FOR IMMEDIATE RELEASE
Nov. 3, 2023
Regulators Should Swiftly Use New Guidance to Designate Risky Non-Banks
Washington, D.C. — Federal agencies should move swiftly to identify systemically important financial institutions (SIFIs) for heightened scrutiny now that they have finalized a process for this designation process, according to Americans for Financial Reform Education Fund.
Now that the Financial Stability Oversight Council has, quite rightly, reversed the previous administration’s ill-conceived rule, approved in 2019, that made designations of large non-banks all but impossible, the Treasury-led body has the authority that it needs to start tackling new, and often growing risks in the financial system. AFR-EF has long urged regulators to take this step.
“Many risks in the nonbank sector, from insurance to private equity to hedge funds to asset management, are becoming increasingly serious and in need of closer attention,” said Alexa Philo, senior banking and systemic risk analyst at Americans for Financial Reform Education Fund. “Dramatic growth in size, exposure to risks and connections among these entities and with traditional banks have put regulators in the dark and left the financial system and broader economy dangerously exposed to instability.”
Importantly, FSOC has included climate-related financial risk in its approach, a much-needed recognition that climate change is a significant and growing threat to financial stability.
“The past few years have brought worsening climate impacts that threaten consumers and the financial system, most recently evident in climate-related disruptions to homeowners insurance across the country,” said Alex Martin, climate finance policy director at Americans for Financial Reform Education Fund. “It’s clear that climate risks are growing, partially driven by the actions of nonbanks, and it’s past time for regulators to use this tool to head off further harm.”
FSOC today published its final “Interpretive Guidance” for designation of nonbanks as systemically important, together with its “Analytic Framework” for risk assessment. The guidance restores the FSOC’s ability to use its authority in line with the original direction of Dodd-Frank. Together with the analytic framework, the interpretive guidance creates a toll to fill a major gap in oversight of the unregulated, “shadow bank” sector, particularly the large, complex insurers, private equity, asset managers and hedge funds that present the greatest systemic threats.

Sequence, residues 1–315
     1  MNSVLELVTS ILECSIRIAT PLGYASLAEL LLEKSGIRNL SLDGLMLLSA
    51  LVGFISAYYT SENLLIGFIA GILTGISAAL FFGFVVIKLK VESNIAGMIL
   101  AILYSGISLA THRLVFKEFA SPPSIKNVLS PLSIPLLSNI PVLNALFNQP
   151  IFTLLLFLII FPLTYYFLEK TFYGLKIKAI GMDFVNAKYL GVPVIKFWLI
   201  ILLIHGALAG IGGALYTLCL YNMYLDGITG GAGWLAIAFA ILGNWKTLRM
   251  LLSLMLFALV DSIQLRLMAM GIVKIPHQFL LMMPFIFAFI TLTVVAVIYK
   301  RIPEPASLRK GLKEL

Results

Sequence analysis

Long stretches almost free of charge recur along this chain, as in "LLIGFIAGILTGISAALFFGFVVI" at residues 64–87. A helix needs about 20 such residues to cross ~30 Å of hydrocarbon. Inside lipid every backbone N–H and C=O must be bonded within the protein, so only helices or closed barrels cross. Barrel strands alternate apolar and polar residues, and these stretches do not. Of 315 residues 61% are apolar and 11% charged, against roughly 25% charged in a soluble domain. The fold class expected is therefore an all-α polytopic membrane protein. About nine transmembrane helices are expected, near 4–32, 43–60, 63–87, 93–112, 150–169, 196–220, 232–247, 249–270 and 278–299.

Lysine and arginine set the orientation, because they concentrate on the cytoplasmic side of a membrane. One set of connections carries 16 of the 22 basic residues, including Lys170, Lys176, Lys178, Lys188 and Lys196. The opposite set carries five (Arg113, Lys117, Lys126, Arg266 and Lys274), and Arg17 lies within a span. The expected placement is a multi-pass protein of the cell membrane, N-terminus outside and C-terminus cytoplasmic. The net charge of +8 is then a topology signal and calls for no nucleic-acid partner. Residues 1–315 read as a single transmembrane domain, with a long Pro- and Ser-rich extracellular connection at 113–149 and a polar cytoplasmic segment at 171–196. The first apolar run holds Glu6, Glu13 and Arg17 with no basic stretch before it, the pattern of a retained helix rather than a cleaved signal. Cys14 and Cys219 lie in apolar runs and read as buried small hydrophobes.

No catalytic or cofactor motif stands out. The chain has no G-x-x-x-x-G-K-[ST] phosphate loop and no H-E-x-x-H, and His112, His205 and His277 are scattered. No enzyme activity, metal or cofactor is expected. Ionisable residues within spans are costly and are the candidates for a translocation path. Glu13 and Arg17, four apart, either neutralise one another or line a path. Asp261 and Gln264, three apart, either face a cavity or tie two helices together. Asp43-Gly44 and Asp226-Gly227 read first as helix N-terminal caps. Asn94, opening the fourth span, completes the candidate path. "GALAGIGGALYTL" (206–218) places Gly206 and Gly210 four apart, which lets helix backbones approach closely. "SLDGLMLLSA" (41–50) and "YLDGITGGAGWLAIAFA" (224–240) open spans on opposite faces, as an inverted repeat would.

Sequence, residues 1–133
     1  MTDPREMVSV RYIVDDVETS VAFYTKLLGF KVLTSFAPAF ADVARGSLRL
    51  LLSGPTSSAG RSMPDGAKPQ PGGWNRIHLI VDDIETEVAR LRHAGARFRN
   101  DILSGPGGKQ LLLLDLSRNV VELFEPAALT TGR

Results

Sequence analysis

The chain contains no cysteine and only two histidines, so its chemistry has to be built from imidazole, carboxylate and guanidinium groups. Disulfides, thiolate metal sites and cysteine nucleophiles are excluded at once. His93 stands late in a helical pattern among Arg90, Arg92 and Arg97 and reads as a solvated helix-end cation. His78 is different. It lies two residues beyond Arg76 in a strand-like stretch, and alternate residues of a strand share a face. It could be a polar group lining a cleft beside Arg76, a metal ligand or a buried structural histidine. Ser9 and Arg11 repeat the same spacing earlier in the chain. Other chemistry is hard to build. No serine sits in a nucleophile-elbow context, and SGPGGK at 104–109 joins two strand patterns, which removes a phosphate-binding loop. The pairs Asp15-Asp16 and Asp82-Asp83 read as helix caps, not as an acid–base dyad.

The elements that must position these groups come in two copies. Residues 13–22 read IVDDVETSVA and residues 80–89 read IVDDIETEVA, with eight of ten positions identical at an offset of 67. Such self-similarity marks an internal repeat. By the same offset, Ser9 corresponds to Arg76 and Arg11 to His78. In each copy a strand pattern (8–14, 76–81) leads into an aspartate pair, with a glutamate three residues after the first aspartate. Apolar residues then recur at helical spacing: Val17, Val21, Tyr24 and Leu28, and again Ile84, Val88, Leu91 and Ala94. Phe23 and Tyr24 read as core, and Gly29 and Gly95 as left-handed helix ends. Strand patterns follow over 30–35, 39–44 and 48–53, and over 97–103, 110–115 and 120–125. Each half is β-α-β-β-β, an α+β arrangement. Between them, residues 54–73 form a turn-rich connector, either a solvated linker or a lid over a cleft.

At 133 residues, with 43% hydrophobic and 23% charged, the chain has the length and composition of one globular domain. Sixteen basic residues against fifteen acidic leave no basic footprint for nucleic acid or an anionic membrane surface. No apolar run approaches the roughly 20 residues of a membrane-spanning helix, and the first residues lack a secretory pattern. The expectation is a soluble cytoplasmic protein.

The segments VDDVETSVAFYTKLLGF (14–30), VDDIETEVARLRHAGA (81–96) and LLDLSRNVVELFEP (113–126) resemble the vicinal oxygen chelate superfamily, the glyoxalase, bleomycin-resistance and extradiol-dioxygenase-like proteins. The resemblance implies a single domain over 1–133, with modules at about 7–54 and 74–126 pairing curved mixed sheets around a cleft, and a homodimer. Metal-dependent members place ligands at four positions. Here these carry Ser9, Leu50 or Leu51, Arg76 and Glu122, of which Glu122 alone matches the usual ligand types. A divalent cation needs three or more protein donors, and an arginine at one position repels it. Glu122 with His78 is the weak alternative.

Key features of the guidance include:
Restoring critical nonbank oversight authority. The guidance re-affirms the FSOC’s power, granted under Dodd-Frank, to designate nonbanks for prudential regulation by the Federal Reserve. Nonbank SIFI designations are permissible whenever material financial distress at a firm “could pose a threat” to U.S. financial stability. It does away with the “does threaten” standard in the 2019 guidance that made designations all but impossible.
Removing impossible hurdles. The new guidance removes other hurdles, including requiring a focus exclusively on “activities-based” regulation and only allowing SIFI designations in cases of proven material financial distress, substantiated by quantitative evidence, and clearance of the cost-benefit test. The new guidance preserves FSOC’s ability to hone in and address “activities-based” risks, while also freeing it up to use its statutory authority for designation.
Supporting use of both firm-specific and market-based authorities. These powers allow for oversight of firms, products and activities across the financial system, consistent with Dodd-Frank, rather than focusing exclusively on market activities.